Lower Face-lift Surgery
- The term ‘rhytid’ is derived from the Greek ‘rhytida’ which literally means wrinkle. Deriving from this, rhytidectomy means removal of wrinkles. A face-lift or rhytidectomy is a cosmetic surgical procedure of the facial region to improve the loose skin that causes wrinkles or rhytids. A face-lift smooths out loose skin over your face and neck improving the visible signs of aging and giving you a more youthful appearance.
- A lower face-lift consists of cosmetic surgery of the lower face, including the neck and jaw line.
The Surgery – How is it done?
- Face-lift surgery requires either sedation with local anesthesia or general anesthesia, depending on the duration and technique used for the surgery. A facelift generally takes two to five hours but may possibly require more time if additional cosmetic procedures are done at the same sitting. Some of the techniques used for a face-lift include:
- Traditional face-lifts involve incisions along the hairline starting at the temple region, continuing along and behind the ears and ending in the lower scalp. Your surgeon may possibly include incisions under the chin for improving the neck region, especially for a “turkey neck”
- Limited-incision face-lifts involve short incisions beginning near the top of the ear in the hairline and extending down to the earlobe or just behind the ear.
- Neck lifts involve incisions starting in front of the ears, then continuing behind the ears and ending in the lower scalp.
After how long can you expect the results of a face-lift procedure?
- The recovery time is variable and depends upon a number of factors. You can expect visible reduction of facial swelling and bruising after 10 to 14 days. The final outcome is apparent after 6-8 weeks after surgery, but healing actually continues for at least a year.
- The final outcome will last for years, especially if done at a younger age.
What are the Risks and Complications?
A lower face-lift and face-lifts in general involve the following risks and possible complications:
- Bleeding can be severe in some cases, the face being a highly vascular structure.
- Infection, though rare, is possible.
- Risks and complications related to anesthesia have to be understood.
- Incisions are usually small and concealed by your hairline, but hypertrophic or unsightly scars do occur.
- Swelling and bruising are normal after the procedure and may possibly be present for weeks.
- Several months of numbness in the skin is normal. This may possibly be present for 1-2 years after the surgery and could even be permanent. The skin may possibly tingle or quickly “shock” as it “awakens”.
- Hair loss near the incision sites may possibly be temporary or permanent. Substantial hair loss could even require hair transplantation.
- Facial nerve injury is rare but serious. It can cause permanent weakness of the facial muscles and therefore cause drooping and asymmetry.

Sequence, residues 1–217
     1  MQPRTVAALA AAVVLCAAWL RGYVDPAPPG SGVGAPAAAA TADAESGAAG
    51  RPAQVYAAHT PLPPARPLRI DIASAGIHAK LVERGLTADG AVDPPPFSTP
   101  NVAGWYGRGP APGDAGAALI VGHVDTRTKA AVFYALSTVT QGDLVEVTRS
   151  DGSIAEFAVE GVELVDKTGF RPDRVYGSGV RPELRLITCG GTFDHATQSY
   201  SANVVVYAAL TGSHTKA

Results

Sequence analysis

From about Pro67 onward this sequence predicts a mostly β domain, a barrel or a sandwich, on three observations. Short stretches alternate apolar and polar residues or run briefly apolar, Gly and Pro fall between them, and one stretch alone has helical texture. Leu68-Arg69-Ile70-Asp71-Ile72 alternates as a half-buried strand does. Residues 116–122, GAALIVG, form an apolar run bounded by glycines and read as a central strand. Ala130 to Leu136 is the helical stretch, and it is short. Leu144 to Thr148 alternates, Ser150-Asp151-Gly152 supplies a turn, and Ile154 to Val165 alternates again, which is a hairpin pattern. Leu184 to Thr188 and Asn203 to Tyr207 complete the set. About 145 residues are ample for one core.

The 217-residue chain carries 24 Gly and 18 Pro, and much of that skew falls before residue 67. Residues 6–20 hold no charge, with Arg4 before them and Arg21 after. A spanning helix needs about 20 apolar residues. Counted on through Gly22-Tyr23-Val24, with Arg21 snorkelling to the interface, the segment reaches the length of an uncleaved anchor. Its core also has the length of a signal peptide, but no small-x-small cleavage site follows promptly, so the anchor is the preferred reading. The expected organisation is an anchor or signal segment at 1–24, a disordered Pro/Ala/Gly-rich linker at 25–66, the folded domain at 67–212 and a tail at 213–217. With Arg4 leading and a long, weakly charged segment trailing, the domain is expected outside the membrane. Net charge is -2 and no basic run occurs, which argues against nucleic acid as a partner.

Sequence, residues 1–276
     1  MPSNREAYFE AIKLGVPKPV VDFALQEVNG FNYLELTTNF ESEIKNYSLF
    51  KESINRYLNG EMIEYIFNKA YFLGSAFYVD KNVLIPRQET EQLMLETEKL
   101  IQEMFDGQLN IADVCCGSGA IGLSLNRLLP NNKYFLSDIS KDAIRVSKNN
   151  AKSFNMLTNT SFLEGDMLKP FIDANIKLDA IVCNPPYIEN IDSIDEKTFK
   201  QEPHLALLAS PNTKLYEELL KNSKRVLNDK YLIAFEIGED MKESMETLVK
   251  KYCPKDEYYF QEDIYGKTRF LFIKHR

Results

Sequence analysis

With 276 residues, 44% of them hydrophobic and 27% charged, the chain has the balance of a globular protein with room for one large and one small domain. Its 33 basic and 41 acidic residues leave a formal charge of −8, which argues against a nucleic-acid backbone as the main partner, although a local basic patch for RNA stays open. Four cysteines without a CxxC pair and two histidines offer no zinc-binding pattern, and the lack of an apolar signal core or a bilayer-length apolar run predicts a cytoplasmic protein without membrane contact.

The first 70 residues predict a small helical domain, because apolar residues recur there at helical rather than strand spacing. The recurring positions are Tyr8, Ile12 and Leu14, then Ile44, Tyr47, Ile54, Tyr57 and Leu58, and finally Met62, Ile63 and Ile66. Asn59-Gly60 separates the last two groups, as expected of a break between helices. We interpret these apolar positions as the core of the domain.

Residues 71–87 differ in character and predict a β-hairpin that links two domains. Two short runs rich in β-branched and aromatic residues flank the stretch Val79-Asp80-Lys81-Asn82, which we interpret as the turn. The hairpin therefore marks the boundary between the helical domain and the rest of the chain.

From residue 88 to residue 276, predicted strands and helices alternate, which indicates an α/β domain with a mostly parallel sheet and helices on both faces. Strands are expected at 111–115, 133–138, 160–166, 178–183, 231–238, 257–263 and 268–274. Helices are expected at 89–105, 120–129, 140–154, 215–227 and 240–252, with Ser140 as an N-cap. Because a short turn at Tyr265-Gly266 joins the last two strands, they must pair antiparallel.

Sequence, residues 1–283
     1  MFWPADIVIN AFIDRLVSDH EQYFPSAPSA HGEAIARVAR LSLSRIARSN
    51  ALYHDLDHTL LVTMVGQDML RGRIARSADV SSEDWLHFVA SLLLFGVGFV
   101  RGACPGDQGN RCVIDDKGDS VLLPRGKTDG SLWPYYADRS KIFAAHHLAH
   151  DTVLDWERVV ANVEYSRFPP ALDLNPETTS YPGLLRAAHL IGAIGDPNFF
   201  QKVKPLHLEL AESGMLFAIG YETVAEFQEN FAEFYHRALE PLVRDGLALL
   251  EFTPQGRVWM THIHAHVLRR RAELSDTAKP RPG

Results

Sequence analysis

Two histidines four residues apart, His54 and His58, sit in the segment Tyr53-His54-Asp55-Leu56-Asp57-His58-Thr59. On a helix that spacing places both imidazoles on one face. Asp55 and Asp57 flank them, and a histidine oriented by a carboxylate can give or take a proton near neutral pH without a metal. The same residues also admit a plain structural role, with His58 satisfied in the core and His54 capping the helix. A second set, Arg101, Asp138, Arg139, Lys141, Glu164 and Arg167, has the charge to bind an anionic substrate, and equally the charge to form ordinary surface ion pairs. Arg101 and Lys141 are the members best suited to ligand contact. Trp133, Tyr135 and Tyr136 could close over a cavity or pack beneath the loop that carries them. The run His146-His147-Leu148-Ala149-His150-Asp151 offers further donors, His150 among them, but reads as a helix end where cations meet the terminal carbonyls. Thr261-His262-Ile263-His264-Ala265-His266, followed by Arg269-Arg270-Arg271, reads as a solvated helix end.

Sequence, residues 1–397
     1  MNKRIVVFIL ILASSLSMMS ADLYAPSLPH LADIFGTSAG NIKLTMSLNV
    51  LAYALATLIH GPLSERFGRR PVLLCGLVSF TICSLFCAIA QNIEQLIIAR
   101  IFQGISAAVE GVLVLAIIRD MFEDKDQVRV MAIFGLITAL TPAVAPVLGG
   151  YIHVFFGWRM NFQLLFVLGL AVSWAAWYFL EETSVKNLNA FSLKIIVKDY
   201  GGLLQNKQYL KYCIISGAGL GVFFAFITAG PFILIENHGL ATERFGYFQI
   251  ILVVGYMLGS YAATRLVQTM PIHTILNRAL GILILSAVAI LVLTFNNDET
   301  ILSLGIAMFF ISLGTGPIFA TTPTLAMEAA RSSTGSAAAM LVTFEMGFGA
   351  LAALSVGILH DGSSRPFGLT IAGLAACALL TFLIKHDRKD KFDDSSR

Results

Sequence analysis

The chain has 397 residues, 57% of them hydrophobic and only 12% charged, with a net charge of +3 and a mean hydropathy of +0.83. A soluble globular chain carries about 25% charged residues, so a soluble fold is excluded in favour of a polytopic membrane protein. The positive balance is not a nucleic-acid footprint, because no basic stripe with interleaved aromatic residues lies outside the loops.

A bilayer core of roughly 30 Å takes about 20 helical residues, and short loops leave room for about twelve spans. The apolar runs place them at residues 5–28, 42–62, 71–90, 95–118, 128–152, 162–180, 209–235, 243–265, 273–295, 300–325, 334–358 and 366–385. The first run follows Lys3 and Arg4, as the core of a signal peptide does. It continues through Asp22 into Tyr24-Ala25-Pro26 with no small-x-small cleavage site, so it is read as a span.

- Skin loss is rare but can occur due to poor blood supply. Smokers are particularly at risk.
Who will benefit from a Lower Face-Lift?
- A lower face-lift is beneficial for those with aging signs of the lower face, jaw line and neck such as:
- Loose lower facial and neck skin
- Sagging lower cheeks and jaw line – “jowls”
- Deep creases in the cheeks and marionette lines
- Fatty tissue in the neck with loss of definition
- Platysmal bands in the neck
Who should avoid a Lower Face-Lift?
- A lower face-lift is contraindicated when the risk of injury and complication exceeds the expected benefit of the procedure. You must discuss your complete medical history and risk factors with your cosmetic surgeon before the procedure. It is also recommended that you have a complete physical and the approval of your primary care doctor. The following conditions may possibly warrant the avoidance of any face-lift procedure:
- If you are taking blood any thinners such as Coumadin or Plavix, you run the risk of bleeding after the procedure. If it is not safe for you to temporarily go off these medications, then you should not have facelift surgery.
- Medical conditions that cause abnormal bleeding or those that prevent or delay healing (i.e. poorly controlled diabetes) are probably contraindications to cosmetic surgery.
- If you have a tendency to gain or lose weight, your face-lift procedure may possibly not last long.
- Smoking increases the risk of skin loss after a face-lift. Smokers may possibly be restricted to a limited procedure due to the risk of poor healing.
What can you expect from a Lower Face-Lift?
- Most patients that undergo a lower face-lift report a ‘refreshed’ look with tightened and lifted jowls, double chin reduction, and a smoother contour of the skin over the jaw-line and neck.